We motivate our task by describing the process of lexicon construction. Entity dictionaries are usually automatically mined from the web us-ing resources that provide typed entities. On a regular basis, these dictionaries are automati-cally updated and accumulated based on local data feeds and knowledge graphs. Local data feeds are generated from various origins (e.g., yellow pages, Yelp). Knowledge graphs such as www.

freebase.com are resources that define a

se-mantic space of entities (e.g., movie names,


sons, places and organizations) and their relations. Because of the need to keep dictionaries up-dated to handle newly emerging entities, lexicon construction is designed to aim for high recall at the expense of precision. Consequently, the result-ing gazetteers are noisy. For example, a movie dic-tionary may contain hundreds of thousands movie names, but many of them are false positives.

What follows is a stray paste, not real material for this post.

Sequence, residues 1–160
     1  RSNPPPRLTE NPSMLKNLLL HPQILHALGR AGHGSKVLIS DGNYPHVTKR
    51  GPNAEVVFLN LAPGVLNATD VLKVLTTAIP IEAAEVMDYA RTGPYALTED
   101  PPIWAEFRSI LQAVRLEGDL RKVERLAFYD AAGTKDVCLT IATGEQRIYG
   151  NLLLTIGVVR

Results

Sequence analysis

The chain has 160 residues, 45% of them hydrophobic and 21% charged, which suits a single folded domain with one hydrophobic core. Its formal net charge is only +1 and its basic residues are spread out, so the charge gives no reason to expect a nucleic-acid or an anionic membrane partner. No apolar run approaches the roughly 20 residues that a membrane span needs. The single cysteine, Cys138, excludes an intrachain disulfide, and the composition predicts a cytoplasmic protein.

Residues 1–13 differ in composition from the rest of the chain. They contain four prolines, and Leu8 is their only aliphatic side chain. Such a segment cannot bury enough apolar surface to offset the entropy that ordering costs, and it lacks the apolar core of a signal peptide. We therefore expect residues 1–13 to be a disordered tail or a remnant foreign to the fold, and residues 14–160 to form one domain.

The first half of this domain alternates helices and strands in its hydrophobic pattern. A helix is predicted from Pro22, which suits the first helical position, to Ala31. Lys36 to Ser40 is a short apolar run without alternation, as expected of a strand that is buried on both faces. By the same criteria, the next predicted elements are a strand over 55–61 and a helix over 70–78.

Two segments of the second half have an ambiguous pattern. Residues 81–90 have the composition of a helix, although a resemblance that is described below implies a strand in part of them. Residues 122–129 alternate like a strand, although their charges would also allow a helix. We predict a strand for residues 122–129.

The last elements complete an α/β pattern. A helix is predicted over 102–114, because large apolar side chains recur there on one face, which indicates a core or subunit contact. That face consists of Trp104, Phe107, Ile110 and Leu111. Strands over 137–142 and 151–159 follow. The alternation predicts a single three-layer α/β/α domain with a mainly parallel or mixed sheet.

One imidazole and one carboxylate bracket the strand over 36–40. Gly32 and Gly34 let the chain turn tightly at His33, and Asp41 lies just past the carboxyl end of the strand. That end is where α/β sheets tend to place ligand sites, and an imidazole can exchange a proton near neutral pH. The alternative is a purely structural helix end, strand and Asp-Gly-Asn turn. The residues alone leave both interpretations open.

While this large base of entities is useful as a whole, it is challenging to take advantage of at test time. This is because we normally cannot afford to consume so much memory when we deploy an SLU model in practice. In the next section, we will describe a way to filter these entities while retaining their overall benefit.

3 Method

3.1 Row subset selection problem

We frame gazetteer element selection as the row subset selection problem. In this framework, we organizengazetteer elements as matrixA∈Rn×d whose rows Ai ∈ Rd are some representations of the gazetteer members. Given m ≤ n, let S(A, m) := {B ∈ Rm×d :B

i = Aπ(i)}be a set

of matrices whose rows are a subset of the rows ofA. Note that|S(A, m)|= mn. Our goal is to select1

B∗= arg min B∈S(A,m)